Photo courtesy of Texas State Athletics
Don Coryell ready to lead Texas State as permanent AD
It’s evident that Don Coryell loves sports.
Texas State’s Executive Senior Associate Athletics Director for External Operations shuffled into the Bobcat Softball Stadium press box on May 7 in the early innings of the maroon and gold’s game against UT Arlington.
Coryell stayed and chatted with media members working the game, reminiscing on his playing days as the Bobcats worked to cut into the Mavericks’ 1-0 lead. “Donny” was a 6-foot-5 forward at Angelina Junior College for two years before transferring to Lamar in 1996. He averaged 7.0 points and 4.7 rebounds in two seasons with the Cardinals and finished his playing career spending a year with the Dungannon Flyers in Ireland.
Three at-bats into the top of the third, senior outfielder Marisa Cruz sent an RBI single to right field, tying the game up at 1-1. Coryell cheered, breaking the biggest rule in the world of the objective press.
“Sorry, forgot where I was,” the Beaumont native said with a thick east Texas twang in his voice as he showed himself the door. “I get kicked out of most press boxes I walk into.”
It’s also evident that Coryell loves Texas State. The school announced nine days prior to the game that Dr. Larry Teis would be stepping down as Director of Athletics on Aug. 31. Texas State also stated that Coryell would serve a one-year term as the interim head of the department beginning Sept. 1. Then, in a statement released by University President Denise Trauth on Wednesday, the school removed the interim tag from Coryell’s title, making him the permanent athletics director at the start of next month.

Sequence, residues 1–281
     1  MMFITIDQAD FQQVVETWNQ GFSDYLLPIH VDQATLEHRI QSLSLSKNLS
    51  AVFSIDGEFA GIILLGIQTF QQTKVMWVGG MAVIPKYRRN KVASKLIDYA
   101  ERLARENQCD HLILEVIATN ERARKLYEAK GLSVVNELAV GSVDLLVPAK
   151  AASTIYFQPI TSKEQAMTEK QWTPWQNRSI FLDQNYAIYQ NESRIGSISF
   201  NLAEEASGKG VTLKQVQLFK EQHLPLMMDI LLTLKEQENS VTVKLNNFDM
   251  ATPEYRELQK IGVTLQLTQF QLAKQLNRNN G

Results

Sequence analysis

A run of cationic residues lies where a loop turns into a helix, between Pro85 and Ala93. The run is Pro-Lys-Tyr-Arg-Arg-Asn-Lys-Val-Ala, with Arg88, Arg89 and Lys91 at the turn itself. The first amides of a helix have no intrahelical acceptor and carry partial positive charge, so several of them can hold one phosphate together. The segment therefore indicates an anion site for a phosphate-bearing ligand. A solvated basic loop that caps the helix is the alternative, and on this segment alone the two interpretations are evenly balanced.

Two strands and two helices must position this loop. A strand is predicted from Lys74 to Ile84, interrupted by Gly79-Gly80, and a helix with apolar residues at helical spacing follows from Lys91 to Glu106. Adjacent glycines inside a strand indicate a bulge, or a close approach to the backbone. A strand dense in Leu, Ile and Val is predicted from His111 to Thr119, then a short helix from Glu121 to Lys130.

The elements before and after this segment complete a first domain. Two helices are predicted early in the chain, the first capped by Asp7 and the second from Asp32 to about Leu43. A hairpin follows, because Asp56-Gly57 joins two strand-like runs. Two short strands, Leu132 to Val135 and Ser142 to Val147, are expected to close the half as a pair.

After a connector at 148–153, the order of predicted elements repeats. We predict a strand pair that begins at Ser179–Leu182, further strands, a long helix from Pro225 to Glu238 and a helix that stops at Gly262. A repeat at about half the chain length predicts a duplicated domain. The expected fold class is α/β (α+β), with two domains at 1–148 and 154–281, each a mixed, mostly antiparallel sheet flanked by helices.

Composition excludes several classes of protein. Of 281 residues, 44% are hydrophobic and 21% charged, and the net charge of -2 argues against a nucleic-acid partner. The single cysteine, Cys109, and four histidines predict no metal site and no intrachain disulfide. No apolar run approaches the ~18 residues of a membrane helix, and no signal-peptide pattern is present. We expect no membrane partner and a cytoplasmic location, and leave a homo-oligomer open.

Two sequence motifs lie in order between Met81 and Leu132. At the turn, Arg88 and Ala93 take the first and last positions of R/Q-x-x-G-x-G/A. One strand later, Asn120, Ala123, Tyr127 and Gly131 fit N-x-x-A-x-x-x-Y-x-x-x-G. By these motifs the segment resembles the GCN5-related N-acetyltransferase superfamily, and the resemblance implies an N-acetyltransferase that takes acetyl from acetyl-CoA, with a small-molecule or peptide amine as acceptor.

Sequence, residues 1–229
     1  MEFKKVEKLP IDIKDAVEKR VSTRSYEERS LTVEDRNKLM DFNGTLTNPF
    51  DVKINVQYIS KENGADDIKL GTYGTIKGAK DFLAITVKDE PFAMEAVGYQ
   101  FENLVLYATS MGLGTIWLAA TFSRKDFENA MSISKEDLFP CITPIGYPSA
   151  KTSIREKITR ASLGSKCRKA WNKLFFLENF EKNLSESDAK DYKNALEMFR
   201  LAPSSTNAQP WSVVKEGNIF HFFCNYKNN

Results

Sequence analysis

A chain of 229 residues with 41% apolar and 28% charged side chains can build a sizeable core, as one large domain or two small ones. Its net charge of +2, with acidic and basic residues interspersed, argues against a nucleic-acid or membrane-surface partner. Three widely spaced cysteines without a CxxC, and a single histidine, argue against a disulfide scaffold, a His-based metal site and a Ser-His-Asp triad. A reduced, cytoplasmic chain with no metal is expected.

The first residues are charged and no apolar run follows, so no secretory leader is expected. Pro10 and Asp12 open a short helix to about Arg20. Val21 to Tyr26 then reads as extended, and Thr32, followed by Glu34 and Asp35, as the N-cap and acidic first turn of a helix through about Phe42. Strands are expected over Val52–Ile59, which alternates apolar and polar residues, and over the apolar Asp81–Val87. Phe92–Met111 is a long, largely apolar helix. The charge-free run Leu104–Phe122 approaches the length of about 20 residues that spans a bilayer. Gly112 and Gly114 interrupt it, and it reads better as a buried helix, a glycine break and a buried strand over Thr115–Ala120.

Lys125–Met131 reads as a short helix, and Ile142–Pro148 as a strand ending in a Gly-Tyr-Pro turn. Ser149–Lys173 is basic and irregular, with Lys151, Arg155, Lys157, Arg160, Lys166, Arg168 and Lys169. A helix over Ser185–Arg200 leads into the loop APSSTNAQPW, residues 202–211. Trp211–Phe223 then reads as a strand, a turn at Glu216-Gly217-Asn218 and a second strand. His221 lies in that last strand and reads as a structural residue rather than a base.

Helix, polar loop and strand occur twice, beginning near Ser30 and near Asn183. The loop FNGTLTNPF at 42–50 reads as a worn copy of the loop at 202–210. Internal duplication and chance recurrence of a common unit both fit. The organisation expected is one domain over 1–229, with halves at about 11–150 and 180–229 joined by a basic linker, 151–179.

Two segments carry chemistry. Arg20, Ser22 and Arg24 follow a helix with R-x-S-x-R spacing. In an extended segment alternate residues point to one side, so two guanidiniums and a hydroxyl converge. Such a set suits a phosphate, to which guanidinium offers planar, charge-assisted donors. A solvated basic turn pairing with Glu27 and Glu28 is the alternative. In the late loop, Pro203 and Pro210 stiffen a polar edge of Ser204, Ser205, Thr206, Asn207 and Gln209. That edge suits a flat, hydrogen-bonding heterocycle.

It’s a promotion that’s 17 years in the making and one that Coryell might not have been expecting. In an interview with the Daily Record on July 19, Coryell said he hadn’t had any conversations about what would happen at the end of his interim term — “I’m just gonna put my head down and work as hard as I can.”
In the days since, Coryell traveled to New Orleans for the Sun Belt Conference Football Media Day, announced two home-and-home football series against North Texas and Army, unveiled a new court design inside Strahan Arena and hired a new track & field/cross country director in former UCLA coach John Frazier.
“I have received excellent feedback, both internally and externally, about Mr. Coryell’s tremendous work ethic, extensive experience, and servant leadership-style,” Trauth said in her statement. “I have personally observed his commitment to supporting our student-athletes in reaching their full potential in academics and in their physical and mental well-being. He is dedicated to supporting our coaches, and is already developing plans to achieve athletic excellence for all our sports; create an exciting and fun atmosphere for our students, fans, and alumni at all athletic events; and strengthen relationships with donors, fans, and our university community.”
Coryell was brought on Texas State’s staff in 2004. According to Texas State’s website, he was responsible for the athletic department’s “marketing and promotional campaigns, ticket sales and operations, several suite accounts, facilities and game operations, university licensing, corporate partnerships, and community relations” and oversaw men’s basketball, men’s and women’s track and field, men’s and women’s cross country, soccer, the Strutters, cheerleaders, ESPN productions, football scheduling, and the “T” Association.
The associate AD played a role in the Bobcats’ jump from the FCS to the FBS in 2012 and their transition to the Sun Belt Conference in 2013.
Texas State hasn’t been afraid to promote from within when it comes to its head coaching vacancies. Head baseball coach Steven Trout, head volleyball coach Sean Huiet and head men’s basketball coach Terrence Johnson were all long-time assistant coaches with the Bobcats before taking over their respective programs. The athletic department is now doing the same with its top position.